Riding the Natchez: a day on a New Orleans riverboat

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Today is Fat Tuesday — or Mardi Gras, as they call it down in New Orleans.  And as you read this, that city is already celebrating one of the world’s most famous parties. All of which evokes memories of last winter, when I visited the Big Easy. And looking to get the true taste of New Orleans, I embarked on one of the city’s iconic experiences: a New Orleans riverboat cruise.

Paddlewheelers were once a vital part of life in New Orleans, bringing supplies from the North and hauling cotton from the plantations in the South. Once that era was over, they became passenger boats, sashaying people up and down the river in grand style. They were also an important venue for live music: Louis Armstrong got some of his first jobs playing on the jazz cruises that operated on the New Orleans waterfront.

Times have changed, but the riverboats haven’t left. There are still two paddlewheelers on the city’s docks, and I chose to take a day cruise on the Natchez, a handsome ship stationed near the centre of town, a stone’s throw from Jackson Square.

Natchezz front deck New Orleans

The Natchez is a piece of history, the ninth ship to bear its name; some of its predecessors carried passengers like the Marquis de Lafayette and Jefferson Davis, president of the Confederacy. The current ship is one of only two steam-powered riverboats in North America, and it sports a few parts form a number of other ships that are now defunct, including a bell made of 250 melted silver dollars.

The ship also has a calliope, a mainstay during the days of steam. And when it was time to cast off, the captain did it the traditional way, with an old-time bullhorn.

Bullhorn Natchez steamboat

As we pulled away from the downtown, we had a unique view of the city’s waterfront and some of its landmarks, including the Mississippi River Bridge, which links New Orleans to Algiers Point, a bohemian neighbourhood across the river.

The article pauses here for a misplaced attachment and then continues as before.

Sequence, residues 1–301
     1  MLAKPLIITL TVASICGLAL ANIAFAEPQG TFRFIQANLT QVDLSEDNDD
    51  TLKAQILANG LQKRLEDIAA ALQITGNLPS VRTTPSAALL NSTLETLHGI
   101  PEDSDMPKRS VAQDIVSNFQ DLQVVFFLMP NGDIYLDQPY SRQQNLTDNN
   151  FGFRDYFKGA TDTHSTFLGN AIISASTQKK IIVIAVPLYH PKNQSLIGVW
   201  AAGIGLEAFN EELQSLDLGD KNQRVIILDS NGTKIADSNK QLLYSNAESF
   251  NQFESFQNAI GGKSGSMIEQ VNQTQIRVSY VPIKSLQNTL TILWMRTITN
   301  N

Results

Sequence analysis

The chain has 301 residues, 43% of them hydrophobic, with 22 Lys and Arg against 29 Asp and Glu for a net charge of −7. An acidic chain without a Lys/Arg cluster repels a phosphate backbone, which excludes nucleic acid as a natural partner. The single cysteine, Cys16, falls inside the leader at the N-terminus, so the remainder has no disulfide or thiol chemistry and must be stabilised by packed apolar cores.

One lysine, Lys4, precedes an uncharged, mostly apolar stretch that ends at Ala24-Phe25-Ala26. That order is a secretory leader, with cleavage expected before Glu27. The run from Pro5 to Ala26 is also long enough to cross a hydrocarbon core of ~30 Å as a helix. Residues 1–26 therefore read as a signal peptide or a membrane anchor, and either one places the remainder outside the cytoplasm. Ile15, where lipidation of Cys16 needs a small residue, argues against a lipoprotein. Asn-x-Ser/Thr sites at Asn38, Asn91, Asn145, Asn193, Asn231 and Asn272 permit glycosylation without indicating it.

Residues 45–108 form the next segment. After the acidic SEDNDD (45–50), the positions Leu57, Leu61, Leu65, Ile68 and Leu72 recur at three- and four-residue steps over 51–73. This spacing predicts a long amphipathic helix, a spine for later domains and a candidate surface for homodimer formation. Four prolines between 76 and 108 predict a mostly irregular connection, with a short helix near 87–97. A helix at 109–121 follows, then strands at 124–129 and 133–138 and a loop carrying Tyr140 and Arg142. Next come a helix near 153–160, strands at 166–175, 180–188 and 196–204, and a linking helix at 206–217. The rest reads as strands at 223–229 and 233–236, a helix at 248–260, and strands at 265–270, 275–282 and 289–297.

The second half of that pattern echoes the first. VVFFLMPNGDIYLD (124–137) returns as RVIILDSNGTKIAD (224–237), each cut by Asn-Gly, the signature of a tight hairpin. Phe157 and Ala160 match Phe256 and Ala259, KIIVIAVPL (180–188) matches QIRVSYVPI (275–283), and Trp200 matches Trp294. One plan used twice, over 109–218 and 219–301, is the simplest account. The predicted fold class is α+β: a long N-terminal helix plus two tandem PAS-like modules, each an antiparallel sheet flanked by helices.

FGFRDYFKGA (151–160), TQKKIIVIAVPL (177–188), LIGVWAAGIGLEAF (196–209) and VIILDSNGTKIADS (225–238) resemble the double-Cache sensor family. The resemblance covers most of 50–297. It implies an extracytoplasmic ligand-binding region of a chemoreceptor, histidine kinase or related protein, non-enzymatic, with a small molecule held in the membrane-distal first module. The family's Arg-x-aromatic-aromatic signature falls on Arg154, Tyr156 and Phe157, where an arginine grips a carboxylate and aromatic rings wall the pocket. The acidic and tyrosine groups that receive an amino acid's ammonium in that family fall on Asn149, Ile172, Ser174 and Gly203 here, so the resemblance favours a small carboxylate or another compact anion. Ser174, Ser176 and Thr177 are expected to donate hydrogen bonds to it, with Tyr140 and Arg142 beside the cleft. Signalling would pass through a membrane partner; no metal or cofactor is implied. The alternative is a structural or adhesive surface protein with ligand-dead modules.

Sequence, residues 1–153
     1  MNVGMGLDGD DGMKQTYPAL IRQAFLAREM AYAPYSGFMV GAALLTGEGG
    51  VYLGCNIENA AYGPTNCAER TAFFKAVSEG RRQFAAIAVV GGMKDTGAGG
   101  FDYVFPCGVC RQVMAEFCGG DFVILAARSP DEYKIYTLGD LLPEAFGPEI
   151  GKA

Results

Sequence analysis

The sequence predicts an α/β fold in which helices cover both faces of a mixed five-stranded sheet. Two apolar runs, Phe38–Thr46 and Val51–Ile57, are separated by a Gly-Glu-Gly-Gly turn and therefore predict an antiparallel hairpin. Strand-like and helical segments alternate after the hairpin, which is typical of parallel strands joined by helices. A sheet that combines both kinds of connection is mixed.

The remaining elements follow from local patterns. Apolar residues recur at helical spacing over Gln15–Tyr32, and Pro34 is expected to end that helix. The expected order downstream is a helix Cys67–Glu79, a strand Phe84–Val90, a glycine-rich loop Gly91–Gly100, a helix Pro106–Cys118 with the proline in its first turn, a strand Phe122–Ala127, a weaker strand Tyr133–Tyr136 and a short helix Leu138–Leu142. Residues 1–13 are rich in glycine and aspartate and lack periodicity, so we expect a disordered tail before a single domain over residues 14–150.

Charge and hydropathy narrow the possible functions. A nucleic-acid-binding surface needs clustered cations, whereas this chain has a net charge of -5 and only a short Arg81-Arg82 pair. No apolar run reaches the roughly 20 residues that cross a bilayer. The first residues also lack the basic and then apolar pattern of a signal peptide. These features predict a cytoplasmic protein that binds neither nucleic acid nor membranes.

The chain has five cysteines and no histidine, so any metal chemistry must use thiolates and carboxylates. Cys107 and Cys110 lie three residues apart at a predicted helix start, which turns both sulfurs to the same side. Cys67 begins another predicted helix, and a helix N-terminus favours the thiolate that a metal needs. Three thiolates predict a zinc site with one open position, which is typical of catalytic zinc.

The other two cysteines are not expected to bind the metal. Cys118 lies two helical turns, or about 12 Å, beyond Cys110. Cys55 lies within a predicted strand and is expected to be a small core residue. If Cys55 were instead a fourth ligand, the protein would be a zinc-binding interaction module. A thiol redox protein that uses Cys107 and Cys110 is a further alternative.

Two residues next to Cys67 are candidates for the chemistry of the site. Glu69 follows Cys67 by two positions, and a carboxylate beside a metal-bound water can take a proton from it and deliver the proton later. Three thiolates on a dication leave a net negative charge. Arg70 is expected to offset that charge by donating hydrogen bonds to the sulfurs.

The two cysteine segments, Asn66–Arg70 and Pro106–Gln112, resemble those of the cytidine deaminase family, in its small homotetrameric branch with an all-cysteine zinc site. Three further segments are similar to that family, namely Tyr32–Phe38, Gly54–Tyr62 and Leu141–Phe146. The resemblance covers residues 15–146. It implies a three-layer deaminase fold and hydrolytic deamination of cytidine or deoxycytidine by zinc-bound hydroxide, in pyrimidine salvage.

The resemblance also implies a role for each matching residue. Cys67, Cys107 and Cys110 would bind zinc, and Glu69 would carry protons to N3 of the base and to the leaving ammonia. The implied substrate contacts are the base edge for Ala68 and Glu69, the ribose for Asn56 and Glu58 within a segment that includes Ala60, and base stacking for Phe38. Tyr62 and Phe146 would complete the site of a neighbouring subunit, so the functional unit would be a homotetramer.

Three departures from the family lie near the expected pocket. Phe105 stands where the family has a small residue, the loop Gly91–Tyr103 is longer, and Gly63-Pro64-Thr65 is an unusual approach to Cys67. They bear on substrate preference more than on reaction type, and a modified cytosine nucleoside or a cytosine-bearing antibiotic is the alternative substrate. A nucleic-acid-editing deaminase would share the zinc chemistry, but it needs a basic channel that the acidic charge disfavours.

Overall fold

Mississippi River bridge New Orleans

And then we were out and cruising on the muddy Mississippi, skirting the shore for a while before heading toward the town of Chalmette. This was the site of the Battle of New Orleans, in which a local militia fought off an attack by the British with the help of the infamous privateer Jean Lafitte. It was the last battle of the War of 1812, and there’s still a cemetery near the battlefield. We passed a suitable-looking cemetery on the shore, and a plantation-style building that looked like the 1800s had never left..

cemetery Mississipi New Orleans4

Gondola Chalmette New Orleans

Despite the history, however, there’s no doubt that the port of New Orleans is a place of commerce. In fact, it’s the fourth-busiest port in the United States, handling 90 million tons of cargo a year. That was apparent by the number of cargo ships we sailed by as we cruised. And now and then, we got a close look.

cargo ships port of New Orleans

cargo ship port of New Orleans

For the most part, it was interesting enough to sit on the deck and watch the river flow by while the ship’s announcer kept up a steady stream of facts about the river, the ship and the port.

Passengers Natchez New Orleans

That is, until you got hungry. And then you went inside for a little lunch and some music. It wouldn’t be a New Orleans riverboat without a jazz band, and everyone seemed to be having a good time. I opted for the snack bar a deck below, where I had my first alligator sausage — tasted just like chicken.

music on the Natchez New Orleans4

On the way back, we got some unrivalled views of the French Quarter, with the St. Louis Cathedral flanked by the Pontalba Buildings, some of the first purpose-built apartments in the United states. We also got a good look at the beautiful Jax Brewery building, now occupied by condominiums, shops and restaurants.

Jackson Square from the Mississippi

New Olreans Jax Brewery building

Coming into port, we cruised by the other New Orleans riverboat, the Creole Queen, which also runs cruises on the river. The Queen is just as stately as the Natchez, but it’s not a true steam boat — it’s powered by diesel-electric engines.

Creole Queen New Orleans

Taking a New Orleans riverboat cruise is one of the essential experiences of the South. It’s not a thrill ride by any means, but it’s a good way to discover a side of the city you’ll never see if you stay on shore. And if you take the day cruise on the Natchez, come early and drop by the Cafe du Monde, just down the waterfront, for some coffee and beignets — another New Orleans classic.

If you go: The New Orleans riverboats offer a number of different cruises to suit different tastes, from harbour cruises and history cruises to jazz brunches and dinners on the river. Prices start around $30 U.S.; be prepared to pay more for cruises with meals, and for special occasions.

Riding the Natchez New Orleans

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Paul Marshman is a retired journalist who spent 30 years as a writer and editor on Canadian newspapers, while travelling to the ends of the earth. Now he continues to travel while passing on his travel experiences to you.

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